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Wine: Too complicated for young people to enjoy

Many young adults shy away from experimenting with different wines.

For inexperienced wine drinkers, choosing a bottle of wine from the masses is plagued by far too many choices and complicated further by the dos and don’ts of wine culture. Wine buffs and experts turn wine drinking into a fine art, but elevating wine to such heights puts it out of reach of many, particularly young adults.

Although wine has grown in popularity among 20-25-year-old Brits in the last decade, many are put off from experimenting with wine out of a fear of its complexity. An international study by VINEXPO, organiser of the world’s biggest wine and spirit exhibition, is prompting winemakers and retailers to make a bigger effort to interest young adults in a bid to overcome wine’s complex image.

VINEXPO’s research found that the younger generation want to have a better understanding of wine. They perceive wine drinking as refined, cultivated and an aspirational part of growing up. The study groups in the UK, Belgium, France, the US and Japan commented that they wanted to be able to drink wine like older people, while others said wine drinking was associated with more reasonable behaviour and sophisticated enjoyment.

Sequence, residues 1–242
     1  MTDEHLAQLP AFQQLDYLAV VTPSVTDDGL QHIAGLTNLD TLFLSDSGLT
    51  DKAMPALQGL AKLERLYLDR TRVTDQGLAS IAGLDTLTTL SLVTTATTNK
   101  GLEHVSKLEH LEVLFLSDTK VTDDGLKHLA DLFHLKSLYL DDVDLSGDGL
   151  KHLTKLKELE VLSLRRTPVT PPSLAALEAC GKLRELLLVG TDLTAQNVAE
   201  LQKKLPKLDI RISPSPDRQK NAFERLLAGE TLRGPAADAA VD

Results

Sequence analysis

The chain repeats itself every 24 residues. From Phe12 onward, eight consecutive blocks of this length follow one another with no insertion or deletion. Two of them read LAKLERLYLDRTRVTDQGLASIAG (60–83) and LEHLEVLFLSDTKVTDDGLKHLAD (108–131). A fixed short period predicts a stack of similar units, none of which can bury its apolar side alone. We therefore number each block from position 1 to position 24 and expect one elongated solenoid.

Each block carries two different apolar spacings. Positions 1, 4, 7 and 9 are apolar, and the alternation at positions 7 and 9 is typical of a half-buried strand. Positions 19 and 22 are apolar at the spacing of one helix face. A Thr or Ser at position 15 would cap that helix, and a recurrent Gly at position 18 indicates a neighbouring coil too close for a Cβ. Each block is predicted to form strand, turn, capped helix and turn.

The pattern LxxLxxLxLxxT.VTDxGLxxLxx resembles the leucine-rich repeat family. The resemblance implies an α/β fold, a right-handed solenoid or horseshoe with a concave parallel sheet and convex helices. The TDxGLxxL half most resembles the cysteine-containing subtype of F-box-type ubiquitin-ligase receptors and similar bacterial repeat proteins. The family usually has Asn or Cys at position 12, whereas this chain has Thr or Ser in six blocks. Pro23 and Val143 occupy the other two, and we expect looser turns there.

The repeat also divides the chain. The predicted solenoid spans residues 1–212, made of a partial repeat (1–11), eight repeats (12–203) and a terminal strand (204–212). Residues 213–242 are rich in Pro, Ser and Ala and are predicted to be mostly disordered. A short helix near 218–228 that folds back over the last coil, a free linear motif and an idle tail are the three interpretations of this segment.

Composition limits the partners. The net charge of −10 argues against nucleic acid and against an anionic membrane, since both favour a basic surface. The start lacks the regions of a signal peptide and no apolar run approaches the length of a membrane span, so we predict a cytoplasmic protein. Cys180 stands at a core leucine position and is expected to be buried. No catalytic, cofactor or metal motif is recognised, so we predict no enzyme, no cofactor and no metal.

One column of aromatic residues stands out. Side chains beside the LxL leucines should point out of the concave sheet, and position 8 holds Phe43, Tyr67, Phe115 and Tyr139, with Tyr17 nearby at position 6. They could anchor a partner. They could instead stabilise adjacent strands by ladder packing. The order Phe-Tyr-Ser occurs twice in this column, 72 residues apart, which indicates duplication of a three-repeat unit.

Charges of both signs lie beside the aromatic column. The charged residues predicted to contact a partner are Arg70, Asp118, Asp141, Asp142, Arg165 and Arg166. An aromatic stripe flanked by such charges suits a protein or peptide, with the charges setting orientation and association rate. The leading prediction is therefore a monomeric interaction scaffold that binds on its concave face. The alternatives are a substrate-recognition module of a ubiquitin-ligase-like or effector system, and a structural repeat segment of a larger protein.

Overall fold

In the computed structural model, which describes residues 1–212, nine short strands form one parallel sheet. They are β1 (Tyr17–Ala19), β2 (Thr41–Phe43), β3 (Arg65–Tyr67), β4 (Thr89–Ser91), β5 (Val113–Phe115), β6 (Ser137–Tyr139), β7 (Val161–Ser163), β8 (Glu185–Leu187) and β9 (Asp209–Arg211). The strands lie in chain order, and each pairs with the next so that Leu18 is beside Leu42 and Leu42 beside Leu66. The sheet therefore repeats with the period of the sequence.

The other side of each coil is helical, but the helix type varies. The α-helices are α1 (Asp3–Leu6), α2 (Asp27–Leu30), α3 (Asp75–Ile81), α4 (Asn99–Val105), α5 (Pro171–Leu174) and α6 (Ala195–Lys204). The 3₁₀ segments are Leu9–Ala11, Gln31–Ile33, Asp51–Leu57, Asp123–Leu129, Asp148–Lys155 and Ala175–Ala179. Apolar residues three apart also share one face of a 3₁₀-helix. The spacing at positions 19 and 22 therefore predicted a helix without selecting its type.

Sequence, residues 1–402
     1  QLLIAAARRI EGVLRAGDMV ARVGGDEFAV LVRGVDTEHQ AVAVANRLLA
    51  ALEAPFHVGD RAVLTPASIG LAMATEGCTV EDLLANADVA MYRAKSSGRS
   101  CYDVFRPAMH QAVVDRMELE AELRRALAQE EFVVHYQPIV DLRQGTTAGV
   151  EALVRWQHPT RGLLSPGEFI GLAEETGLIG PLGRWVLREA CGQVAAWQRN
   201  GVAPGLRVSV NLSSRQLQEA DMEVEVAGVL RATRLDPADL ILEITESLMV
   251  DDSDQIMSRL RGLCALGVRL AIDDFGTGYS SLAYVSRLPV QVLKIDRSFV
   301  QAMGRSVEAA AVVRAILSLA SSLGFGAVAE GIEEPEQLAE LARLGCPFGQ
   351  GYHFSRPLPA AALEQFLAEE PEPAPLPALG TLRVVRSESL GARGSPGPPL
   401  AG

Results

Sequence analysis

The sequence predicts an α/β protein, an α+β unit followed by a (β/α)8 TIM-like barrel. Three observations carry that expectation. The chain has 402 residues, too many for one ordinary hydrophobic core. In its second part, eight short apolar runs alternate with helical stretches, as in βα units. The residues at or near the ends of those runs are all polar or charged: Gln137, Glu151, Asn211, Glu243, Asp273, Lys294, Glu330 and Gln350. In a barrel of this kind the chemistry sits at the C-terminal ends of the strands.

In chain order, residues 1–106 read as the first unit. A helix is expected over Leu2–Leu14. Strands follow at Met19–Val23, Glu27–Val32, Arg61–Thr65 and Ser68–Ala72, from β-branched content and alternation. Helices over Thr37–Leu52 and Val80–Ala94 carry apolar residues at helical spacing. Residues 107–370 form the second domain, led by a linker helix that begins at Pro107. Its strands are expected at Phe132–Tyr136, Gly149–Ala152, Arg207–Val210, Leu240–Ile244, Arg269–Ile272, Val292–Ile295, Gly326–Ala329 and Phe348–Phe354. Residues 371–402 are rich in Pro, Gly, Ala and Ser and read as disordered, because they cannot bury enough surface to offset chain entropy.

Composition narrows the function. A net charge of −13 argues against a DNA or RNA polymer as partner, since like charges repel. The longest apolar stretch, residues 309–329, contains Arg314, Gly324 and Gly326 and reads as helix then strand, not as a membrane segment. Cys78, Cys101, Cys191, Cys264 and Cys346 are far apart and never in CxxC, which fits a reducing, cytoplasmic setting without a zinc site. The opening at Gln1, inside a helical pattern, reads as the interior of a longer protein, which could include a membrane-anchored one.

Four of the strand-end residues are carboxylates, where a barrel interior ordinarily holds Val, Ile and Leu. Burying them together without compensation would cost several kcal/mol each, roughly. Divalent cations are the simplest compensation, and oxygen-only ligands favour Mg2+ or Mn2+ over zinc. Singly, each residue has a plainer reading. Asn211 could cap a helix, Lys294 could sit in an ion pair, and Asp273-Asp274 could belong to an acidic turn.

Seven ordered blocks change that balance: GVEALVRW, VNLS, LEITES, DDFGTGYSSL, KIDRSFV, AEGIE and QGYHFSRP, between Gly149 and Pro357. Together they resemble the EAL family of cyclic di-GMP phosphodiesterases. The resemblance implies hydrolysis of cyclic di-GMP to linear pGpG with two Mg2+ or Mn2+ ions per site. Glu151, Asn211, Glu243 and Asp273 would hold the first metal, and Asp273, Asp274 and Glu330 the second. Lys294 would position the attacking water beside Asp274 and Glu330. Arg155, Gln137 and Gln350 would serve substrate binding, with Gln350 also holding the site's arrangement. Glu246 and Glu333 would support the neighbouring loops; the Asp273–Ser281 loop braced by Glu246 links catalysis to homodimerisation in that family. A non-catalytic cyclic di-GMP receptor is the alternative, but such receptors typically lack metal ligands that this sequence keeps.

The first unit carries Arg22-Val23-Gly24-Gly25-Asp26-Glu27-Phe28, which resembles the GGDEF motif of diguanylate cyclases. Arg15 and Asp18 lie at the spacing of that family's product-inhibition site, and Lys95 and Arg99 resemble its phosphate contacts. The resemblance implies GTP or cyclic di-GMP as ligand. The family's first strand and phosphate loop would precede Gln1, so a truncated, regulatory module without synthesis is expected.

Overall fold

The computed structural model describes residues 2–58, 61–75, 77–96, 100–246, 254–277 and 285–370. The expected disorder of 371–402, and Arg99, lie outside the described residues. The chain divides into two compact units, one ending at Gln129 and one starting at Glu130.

However, there are many obstacles holding back young adults from appreciating wine. The whole culture of wine and matching wine with food is confusing: there are so many grapes, so many kinds and styles of wine, so many countries, regions, labels and brands.

The respondents believe that good wine is too expensive, they feel that the wine culture and vocabulary excludes them, they experience a lack of understanding of the many different wines and wine styles, and are bewildered by choice and confusing labels.

Among other obstacles quoted is the length of time and perseverance required to learn how to appreciate wine: it is almost viewed as an art that must be studied.

When asked for their recommendations, the research group suggested clear positioning on taste features and explanations about how wine matches with food. They also suggested that retailers and bars should offer wine sections for young adults, while some suggested wines that are marketed more directly at young people through trendier names and bottle designs.

Wine drinking among young adults around the world varies immensely. In France and Belgium, wine becomes a part of everyday life in childhood and as a result young people have a greater understanding of wine. In the UK, young adults are slowly becoming more familiar with wine, but there is still a lack of general acceptance within the younger generations.

In the US and Japan, wine drinking among young adults is reserved for special occasions. US respondents indicated not only that they are not very familiar with wine, but that wine consumption and knowledge were features of European culture.

For young adults who are cautious of dipping their taste buds into the vast pool of wine on the market, the best thing they can do is try, try and try again and don’t listen to those stuffy wine buffs too much. Wine knowledge comes only with time and experimentation: studying has never been so enjoyable.
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